There are in fact hundreds of Mousetrap Realms on record at the Library of All Worlds. As many as one realm in one hundred may be Mousetrap Realms. It is wise to consult the collection of spherepaths within the Library of All Worlds, or the Chamber Platinum's special collection (these are usually the most up-to-date) before planning a particularly long journey among the spheres.

Most Spherewalkers will encounter a Mousetrap Realm if they travel far enough.

Wednesday, December 5, 2012

Wooden Figure Of An Oar, Painted White

Glenn Kaino

Some gates open; others explode from one infinity into another. The object is a small white wooden oar, about the length of a little finger. It's a Gate Key. This little white oar can open a Water Gate in any lake, river, or bay. The gate will open in all directions, summoning the White Fleet.

Canoes, funeral rafts, fishing boats, paddle wheels, galleons, gigantic battle barges, the white tar sub, and even a world-ark:  the Whiteoar family's entire fleet will be gathered from every realm and sphere, together again in one body of water.

The Whiteoar family, defeated, destroyed, cast adrift and scattered among the million spheres: suddenly, once again, a great armada.

If you find a little white oar, burn it to ashes immediately.

Tuesday, December 4, 2012

A Jeweled Gold Crossbow Fibula
This is not a weapon; far from it.  A crossbow fibula is a kind of brooch, a pin used "to hold together the corner of a garment at the shoulder."  The pin is on the back side of the brooch.

Note the four animal heads arranged around this fibula.  A thing of beauty, this crossbow fibula was last seen adorning the shoulder of a bold soldier from the realm of Step Lively. White Mane found it while escorting a company of scholars along the receding glaciers of the realm of Round Stones. They had been ambushed by a rival group of scholars and soldiers, and these interlopers drove White Mane and her charges from their dig site.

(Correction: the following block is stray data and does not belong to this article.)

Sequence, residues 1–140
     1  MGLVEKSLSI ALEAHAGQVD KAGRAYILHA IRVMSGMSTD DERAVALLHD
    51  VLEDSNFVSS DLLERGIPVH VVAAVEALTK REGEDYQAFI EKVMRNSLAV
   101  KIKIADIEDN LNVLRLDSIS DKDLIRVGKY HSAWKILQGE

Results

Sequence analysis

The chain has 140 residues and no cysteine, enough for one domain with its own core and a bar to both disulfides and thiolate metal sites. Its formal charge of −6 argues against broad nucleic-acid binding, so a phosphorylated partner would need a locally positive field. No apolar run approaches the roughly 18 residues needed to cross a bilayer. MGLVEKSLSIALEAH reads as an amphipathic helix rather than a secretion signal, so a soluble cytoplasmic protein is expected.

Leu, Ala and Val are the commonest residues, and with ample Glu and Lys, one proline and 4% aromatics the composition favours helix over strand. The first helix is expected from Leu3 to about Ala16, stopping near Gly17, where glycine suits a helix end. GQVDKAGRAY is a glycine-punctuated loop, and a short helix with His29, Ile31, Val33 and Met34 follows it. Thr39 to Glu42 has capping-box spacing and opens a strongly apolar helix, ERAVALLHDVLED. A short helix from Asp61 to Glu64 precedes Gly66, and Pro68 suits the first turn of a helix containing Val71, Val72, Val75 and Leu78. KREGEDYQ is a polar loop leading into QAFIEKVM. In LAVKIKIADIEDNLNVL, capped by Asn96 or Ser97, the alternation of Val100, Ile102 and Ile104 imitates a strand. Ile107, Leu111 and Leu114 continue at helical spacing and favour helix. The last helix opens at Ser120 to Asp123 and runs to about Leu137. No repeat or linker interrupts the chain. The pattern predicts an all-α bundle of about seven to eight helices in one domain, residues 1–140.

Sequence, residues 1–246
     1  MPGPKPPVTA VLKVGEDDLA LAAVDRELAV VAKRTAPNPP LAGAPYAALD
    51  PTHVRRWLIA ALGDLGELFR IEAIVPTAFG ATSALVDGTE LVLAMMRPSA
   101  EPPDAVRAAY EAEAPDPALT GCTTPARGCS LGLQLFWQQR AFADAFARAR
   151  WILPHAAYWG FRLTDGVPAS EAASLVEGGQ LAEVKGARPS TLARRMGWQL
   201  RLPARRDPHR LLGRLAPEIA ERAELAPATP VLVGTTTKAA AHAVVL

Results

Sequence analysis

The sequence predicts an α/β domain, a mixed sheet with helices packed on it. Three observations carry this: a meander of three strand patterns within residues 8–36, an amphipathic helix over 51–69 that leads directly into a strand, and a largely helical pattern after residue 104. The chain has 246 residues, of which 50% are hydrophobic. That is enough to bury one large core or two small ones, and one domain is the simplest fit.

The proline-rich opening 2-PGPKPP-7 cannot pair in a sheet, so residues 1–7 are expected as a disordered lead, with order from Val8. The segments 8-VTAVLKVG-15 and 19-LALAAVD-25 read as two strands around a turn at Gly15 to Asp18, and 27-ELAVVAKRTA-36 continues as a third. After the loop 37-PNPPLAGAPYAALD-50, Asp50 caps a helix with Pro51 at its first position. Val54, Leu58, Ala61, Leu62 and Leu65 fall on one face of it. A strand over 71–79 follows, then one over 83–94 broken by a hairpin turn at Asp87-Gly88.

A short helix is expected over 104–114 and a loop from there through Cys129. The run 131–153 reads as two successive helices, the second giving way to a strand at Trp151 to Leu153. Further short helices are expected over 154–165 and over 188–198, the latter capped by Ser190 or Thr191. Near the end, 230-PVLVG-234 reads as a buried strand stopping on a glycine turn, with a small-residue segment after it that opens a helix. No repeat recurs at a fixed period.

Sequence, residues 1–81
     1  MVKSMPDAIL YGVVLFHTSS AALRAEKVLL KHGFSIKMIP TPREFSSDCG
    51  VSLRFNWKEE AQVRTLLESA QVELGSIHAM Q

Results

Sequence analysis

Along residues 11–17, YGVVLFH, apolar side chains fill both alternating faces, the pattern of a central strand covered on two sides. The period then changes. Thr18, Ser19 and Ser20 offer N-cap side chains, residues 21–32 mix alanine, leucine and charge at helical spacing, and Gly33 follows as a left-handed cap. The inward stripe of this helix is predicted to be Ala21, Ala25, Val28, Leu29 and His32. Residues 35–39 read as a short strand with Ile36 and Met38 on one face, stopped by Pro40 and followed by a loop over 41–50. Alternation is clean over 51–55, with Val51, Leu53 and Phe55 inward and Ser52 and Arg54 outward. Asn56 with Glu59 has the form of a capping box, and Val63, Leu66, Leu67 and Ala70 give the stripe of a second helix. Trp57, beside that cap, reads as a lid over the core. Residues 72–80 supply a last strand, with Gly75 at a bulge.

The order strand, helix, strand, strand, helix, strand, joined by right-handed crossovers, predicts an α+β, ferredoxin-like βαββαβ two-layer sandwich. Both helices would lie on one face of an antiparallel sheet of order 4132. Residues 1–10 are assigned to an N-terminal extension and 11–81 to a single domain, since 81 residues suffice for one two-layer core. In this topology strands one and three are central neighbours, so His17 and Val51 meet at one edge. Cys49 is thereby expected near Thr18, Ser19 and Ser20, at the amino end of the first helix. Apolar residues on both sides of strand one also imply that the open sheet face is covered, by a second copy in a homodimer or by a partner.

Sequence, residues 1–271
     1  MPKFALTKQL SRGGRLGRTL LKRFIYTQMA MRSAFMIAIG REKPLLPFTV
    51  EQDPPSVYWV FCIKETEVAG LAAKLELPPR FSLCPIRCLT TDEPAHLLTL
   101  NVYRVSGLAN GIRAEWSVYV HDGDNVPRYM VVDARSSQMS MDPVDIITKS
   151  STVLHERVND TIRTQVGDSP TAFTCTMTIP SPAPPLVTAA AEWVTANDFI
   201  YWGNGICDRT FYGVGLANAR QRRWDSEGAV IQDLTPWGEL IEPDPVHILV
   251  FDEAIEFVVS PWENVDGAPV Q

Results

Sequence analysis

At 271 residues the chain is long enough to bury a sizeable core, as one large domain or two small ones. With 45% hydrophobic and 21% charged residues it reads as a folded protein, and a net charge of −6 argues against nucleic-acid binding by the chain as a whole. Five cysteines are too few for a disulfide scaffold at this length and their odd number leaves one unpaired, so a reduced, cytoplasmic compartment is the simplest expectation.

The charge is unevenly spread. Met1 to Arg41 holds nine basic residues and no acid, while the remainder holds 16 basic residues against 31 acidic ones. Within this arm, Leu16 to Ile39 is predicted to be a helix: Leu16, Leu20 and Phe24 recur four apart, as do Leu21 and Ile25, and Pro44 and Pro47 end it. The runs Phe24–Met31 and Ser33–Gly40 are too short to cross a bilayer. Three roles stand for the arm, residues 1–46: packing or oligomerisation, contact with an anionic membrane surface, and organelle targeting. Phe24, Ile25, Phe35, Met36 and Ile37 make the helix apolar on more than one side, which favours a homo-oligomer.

The scholars soon discovered the ruins of another city revealed by the withdrawing glaciers. In the ruins of that ancient city - a vast metropolis which the scholars soon dubbed Big Pond - White Mane spotted the crossbow fibula brooch in a glittering in pool of the purest meltwater. Small fish swam in circles around the brooch. She reached in and took it.

White Mane pocketed the brooch, keeping it hidden from the eyes of the scholars until she returned to Step Lively with her charges. Then her life got interesting. White Mane learned that the brooch had powers, and a thirst for blood. The brooch's pin held a garment best when it pierced skin. The skin of her shoulder became scarred with repeated piercings. The piercings gave her the ability to commune with animals. She was never ambushed again.


The crossbow fibula brooch is a three point Power, one which is nurtured and fed by the wearer's blood. The Power allows the wearer of the brooch to see and hear whatever nearby animals can see and hear. Voices will be recognized as such, but human speech is unintelligible; it is almost as if the speakers are not using the Tongue.

This Power can be used to listen in on what animals hear over distance equal to the space spanned by a five minute walk. It will be difficult to be surprised by others when operating outdoors.

Monday, December 3, 2012

A Star-Shaped Porcelain Tile...

University of Michigan Museum of Arts (Ann Arbor)

...Depicting a cheetah. Until the Everwayans came to Emerald Savannah, it crowned a King's chair. For centuries, no King of Emerald Savannah ruled without this symbol of athleticism and prowess adoring his throne. Shortly after the Emerald family of Everway began its grain trade with the realm of Emerald Savannah, this royal symbol disappeared.

The records of the Chamber Platinum show that a star-shaped tile fitting this description was recently cataloged in the Ledger of the Chamber's Acquisitions Among the Spheres During the Realm of the Great King Horizon Emerald:

"A fine star-shaped tile depicting a cheetah, gold and red - Origin unknown."